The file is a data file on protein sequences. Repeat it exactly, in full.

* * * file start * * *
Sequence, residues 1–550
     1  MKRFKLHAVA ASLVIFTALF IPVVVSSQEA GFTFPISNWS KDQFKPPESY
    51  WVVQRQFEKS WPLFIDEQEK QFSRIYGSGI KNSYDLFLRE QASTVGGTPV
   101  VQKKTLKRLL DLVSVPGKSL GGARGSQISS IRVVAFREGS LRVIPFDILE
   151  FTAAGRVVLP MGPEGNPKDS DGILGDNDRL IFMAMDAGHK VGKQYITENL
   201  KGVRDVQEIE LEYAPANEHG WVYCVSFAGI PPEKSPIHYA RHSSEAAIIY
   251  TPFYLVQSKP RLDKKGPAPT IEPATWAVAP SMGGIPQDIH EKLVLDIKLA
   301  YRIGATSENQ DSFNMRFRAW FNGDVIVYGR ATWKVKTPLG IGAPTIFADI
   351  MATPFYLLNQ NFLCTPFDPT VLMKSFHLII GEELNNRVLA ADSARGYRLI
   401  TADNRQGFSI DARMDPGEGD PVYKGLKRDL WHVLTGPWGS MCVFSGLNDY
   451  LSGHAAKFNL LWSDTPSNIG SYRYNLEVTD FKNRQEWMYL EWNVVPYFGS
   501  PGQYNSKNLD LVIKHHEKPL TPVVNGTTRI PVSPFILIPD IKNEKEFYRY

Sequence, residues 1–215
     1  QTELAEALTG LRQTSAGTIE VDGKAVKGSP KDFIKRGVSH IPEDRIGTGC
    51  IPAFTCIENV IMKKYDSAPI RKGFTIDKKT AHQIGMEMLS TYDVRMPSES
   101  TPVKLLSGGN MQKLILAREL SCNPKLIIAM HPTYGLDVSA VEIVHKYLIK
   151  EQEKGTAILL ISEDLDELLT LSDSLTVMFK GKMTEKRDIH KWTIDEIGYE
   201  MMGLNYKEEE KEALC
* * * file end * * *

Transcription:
Sequence, residues 1–550
     1  MKRFKLHAVA ASLVIFTALF IPVVVSSQEA GFTFPISNWS KDQFKPPESY
    51  WVVQRQFEKS WPLFIDEQEK QFSRIYGSGI KNSYDLFLRE QASTVGGTPV
   101  VQKKTLKRLL DLVSVPGKSL GGARGSQISS IRVVAFREGS LRVIPFDILE
   151  FTAAGRVVLP MGPEGNPKDS DGILGDNDRL IFMAMDAGHK VGKQYITENL
   201  KGVRDVQEIE LEYAPANEHG WVYCVSFAGI PPEKSPIHYA RHSSEAAIIY
   251  TPFYLVQSKP RLDKKGPAPT IEPATWAVAP SMGGIPQDIH EKLVLDIKLA
   301  YRIGATSENQ DSFNMRFRAW FNGDVIVYGR ATWKVKTPLG IGAPTIFADI
   351  MATPFYLLNQ NFLCTPFDPT VLMKSFHLII GEELNNRVLA ADSARGYRLI
   401  TADNRQGFSI DARMDPGEGD PVYKGLKRDL WHVLTGPWGS MCVFSGLNDY
   451  LSGHAAKFNL LWSDTPSNIG SYRYNLEVTD FKNRQEWMYL EWNVVPYFGS
   501  PGQYNSKNLD LVIKHHEKPL TPVVNGTTRI PVSPFILIPD IKNEKEFYRY

Sequence, residues 1–215
     1  QTELAEALTG LRQTSAGTIE VDGKAVKGSP KDFIKRGVSH IPEDRIGTGC
    51  IPAFTCIENV IMKKYDSAPI RKGFTIDKKT AHQIGMEMLS TYDVRMPSES
   101  TPVKLLSGGN MQKLILAREL SCNPKLIIAM HPTYGLDVSA VEIVHKYLIK
   151  EQEKGTAILL ISEDLDELLT LSDSLTVMFK GKMTEKRDIH KWTIDEIGYE
   201  MMGLNYKEEE KEALC